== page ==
Six long years after Ed Sheeran was first hit with a copyright infringement lawsuit over his hit “Thinking Out Loud,” a federal judge denied Sheeran’s request to toss the case and ordered the case to trial.
In 2016, the estate of Ed Townsend, Marvin Gaye’s co-writer on “Let’s Get It On,” sued Sheeran over similarities between that classic and his “Thinking Out Loud”; that case is still pending.
Structured Asset Sales, which owns a one-third stake in Townsend’s copyrights, filed a similar lawsuit in 2018, and that’s the one that a judge ruled a jury trial for Thursday, Billboard reported. A trial date has not yet been set.
“The Defendants copied the ‘heart’ of ‘Let’s’ and repeated it continuously throughout ‘Thinking,’” the 2016 lawsuit claimed. “The melodic, harmonic, and rhythmic compositions of ‘Thinking’ are substantially and/or strikingly similar to the drum composition of ‘Let’s.’” (In 2019, the Townsend estate’s lawsuit was ultimately postponed by the judge because he wanted to wait for the resolution of a similar case against Led Zeppelin’s “Stairway to Heaven.”)
On Thursday, Sheeran’s lawyers argued, in their attempt to have the lawsuit thrown out, that the song elements in question were too common to be protected by copyright and that the lawsuit was “baseless,” the BBC reported.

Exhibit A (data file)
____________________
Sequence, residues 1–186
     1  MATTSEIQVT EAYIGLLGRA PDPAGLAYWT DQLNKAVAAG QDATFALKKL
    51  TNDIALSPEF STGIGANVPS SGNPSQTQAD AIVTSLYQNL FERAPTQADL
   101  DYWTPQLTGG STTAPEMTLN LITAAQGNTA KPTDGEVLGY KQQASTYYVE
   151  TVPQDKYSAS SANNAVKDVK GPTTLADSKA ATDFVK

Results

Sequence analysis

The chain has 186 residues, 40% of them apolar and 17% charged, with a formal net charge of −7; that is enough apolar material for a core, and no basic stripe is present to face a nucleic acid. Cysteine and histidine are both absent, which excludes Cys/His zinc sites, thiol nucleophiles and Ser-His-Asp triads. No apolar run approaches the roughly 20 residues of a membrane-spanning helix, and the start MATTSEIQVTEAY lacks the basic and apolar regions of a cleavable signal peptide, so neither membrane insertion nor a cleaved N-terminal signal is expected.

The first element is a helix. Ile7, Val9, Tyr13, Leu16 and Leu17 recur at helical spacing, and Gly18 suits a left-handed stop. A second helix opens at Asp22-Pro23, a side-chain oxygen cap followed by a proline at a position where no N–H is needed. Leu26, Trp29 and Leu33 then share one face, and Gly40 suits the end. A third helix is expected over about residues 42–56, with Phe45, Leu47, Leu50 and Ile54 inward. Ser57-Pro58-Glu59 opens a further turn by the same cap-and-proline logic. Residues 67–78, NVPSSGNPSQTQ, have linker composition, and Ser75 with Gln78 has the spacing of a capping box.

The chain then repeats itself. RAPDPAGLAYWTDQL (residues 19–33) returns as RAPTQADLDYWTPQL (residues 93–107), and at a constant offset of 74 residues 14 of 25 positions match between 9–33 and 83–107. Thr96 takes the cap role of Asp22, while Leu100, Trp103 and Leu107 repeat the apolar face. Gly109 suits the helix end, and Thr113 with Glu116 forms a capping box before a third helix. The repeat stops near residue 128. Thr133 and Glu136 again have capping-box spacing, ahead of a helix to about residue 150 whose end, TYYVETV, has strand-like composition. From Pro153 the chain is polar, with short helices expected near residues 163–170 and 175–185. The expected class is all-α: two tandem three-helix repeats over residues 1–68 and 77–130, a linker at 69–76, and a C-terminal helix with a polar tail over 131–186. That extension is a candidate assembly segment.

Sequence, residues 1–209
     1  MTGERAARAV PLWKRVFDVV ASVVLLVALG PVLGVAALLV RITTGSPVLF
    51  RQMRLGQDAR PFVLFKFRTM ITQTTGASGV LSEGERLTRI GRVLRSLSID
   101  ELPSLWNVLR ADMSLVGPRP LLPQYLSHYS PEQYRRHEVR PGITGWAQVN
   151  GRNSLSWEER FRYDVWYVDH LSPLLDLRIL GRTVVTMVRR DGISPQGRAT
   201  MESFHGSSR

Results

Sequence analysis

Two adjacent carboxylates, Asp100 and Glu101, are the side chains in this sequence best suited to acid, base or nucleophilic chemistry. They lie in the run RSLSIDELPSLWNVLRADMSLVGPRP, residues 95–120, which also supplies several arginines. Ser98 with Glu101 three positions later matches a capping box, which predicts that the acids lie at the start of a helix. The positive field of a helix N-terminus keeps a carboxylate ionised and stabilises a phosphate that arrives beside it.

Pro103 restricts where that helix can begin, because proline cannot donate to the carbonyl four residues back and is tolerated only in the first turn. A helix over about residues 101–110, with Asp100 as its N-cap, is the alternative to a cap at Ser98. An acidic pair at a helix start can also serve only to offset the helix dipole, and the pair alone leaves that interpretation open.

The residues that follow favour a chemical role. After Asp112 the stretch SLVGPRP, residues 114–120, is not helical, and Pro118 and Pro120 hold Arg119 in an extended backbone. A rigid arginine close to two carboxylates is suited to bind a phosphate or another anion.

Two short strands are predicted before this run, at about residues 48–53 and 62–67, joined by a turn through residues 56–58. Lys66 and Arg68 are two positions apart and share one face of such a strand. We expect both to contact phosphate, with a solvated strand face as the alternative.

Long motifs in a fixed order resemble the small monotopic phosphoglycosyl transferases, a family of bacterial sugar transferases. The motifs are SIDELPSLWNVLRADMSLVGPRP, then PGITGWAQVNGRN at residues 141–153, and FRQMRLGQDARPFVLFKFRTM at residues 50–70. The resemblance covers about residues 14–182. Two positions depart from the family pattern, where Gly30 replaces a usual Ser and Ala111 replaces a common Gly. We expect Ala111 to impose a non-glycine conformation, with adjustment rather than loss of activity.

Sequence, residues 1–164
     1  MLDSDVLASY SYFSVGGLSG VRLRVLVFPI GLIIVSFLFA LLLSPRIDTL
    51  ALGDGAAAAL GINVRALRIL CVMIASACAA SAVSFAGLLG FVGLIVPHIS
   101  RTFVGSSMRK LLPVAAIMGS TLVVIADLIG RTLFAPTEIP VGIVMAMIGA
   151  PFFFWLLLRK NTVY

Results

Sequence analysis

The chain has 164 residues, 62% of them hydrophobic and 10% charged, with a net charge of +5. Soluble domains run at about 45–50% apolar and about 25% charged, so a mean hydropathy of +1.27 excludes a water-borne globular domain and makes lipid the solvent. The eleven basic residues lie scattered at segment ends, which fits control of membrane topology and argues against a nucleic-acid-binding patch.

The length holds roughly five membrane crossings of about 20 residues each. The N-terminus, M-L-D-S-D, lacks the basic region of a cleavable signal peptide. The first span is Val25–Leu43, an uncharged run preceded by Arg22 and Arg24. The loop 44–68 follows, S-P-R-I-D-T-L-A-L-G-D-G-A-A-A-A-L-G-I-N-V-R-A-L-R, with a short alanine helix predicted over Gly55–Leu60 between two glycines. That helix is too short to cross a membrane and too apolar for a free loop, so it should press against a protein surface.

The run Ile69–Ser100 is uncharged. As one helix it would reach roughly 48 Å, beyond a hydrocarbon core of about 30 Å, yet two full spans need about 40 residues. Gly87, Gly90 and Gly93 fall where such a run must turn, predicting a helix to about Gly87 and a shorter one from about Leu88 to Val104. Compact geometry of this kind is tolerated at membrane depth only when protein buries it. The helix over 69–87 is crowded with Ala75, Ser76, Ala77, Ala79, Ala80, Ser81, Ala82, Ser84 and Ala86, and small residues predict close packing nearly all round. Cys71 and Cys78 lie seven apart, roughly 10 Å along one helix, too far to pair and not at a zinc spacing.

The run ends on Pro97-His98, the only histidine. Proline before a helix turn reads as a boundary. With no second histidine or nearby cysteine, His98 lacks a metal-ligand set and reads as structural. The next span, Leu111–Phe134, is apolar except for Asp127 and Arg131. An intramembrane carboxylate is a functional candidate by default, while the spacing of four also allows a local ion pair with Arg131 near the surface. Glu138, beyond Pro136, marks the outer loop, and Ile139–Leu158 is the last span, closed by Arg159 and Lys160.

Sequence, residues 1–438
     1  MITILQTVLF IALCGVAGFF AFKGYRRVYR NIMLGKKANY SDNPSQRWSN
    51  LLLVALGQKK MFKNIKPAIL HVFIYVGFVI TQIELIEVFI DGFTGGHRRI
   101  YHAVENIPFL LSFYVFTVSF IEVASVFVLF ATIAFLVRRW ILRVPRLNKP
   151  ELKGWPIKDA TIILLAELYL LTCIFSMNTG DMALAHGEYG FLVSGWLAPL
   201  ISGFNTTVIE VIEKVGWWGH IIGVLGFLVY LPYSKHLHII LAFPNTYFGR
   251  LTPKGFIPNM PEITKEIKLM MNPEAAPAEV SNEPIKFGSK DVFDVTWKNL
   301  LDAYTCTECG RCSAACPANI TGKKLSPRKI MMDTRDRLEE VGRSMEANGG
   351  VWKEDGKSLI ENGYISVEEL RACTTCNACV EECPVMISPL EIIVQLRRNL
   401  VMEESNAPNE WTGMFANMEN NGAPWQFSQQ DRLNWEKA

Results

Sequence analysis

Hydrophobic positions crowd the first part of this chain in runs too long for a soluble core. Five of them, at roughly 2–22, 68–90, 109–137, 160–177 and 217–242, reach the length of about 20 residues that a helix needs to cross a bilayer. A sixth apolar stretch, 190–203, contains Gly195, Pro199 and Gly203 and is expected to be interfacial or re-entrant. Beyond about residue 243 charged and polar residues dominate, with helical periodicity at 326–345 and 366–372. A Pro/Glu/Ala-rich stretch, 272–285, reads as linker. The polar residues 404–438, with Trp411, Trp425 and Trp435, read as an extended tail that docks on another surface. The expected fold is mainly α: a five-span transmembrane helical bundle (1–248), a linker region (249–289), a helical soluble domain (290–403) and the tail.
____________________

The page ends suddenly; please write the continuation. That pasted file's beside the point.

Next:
“There is no bright-line rule that the combination of two unprotectable elements is insufficiently numerous to constitute an original work,” Judge Louis Stanton wrote in his decision. “A work may be copyrightable even though it is entirely a compilation of unprotectable elements.”
While the Gaye family is not involved in the “Thinking Out Loud” lawsuits against Sheeran, the precedent set in their case looms over all new copyright infringement claims. Notably, the court took into account not just sheet music but studio arrangement too and ruled that “Blurred Lines” significantly aped the vibe of “Got to Give It Up,” something that had previously been beyond copyright protection.
Sheeran, who earlier this year won a plagiarism lawsuit in the U.K. over his hit “Shape of You,” last settled a lawsuit over another one of his hits, “Photograph,” for $20 million in 2017.